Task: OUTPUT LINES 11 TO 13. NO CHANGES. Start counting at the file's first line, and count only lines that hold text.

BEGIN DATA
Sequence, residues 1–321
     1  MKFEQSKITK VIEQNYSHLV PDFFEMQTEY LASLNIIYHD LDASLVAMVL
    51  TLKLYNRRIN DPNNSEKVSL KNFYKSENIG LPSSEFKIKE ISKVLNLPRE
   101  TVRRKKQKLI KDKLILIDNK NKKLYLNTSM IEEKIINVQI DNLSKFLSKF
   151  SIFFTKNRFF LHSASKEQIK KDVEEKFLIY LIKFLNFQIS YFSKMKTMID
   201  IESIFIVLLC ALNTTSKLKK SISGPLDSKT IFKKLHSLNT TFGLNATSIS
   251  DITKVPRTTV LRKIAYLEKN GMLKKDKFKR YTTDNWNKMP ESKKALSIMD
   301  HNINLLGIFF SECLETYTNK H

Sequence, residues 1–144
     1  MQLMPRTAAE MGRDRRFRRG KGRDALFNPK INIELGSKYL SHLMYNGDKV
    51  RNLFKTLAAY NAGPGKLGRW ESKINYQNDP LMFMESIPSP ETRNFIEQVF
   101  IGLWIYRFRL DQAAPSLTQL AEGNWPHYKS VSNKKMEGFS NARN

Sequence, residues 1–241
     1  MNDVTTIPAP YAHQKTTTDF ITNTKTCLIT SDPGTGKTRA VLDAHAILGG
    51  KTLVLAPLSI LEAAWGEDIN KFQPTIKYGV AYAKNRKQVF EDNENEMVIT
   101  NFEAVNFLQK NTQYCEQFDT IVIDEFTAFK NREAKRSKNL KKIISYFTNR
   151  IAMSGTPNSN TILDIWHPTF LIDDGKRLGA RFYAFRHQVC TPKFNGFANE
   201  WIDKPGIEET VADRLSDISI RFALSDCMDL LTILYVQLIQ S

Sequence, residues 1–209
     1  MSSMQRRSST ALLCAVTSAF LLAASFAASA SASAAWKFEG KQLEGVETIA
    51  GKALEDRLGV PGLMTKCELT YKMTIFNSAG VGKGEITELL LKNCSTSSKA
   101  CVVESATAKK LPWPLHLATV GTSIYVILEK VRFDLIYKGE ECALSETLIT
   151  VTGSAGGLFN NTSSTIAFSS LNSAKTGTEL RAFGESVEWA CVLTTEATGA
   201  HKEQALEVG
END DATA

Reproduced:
    51  RNLFKTLAAY NAGPGKLGRW ESKINYQNDP LMFMESIPSP ETRNFIEQVF
   101  IGLWIYRFRL DQAAPSLTQL AEGNWPHYKS VSNKKMEGFS NARN

Sequence, residues 1–241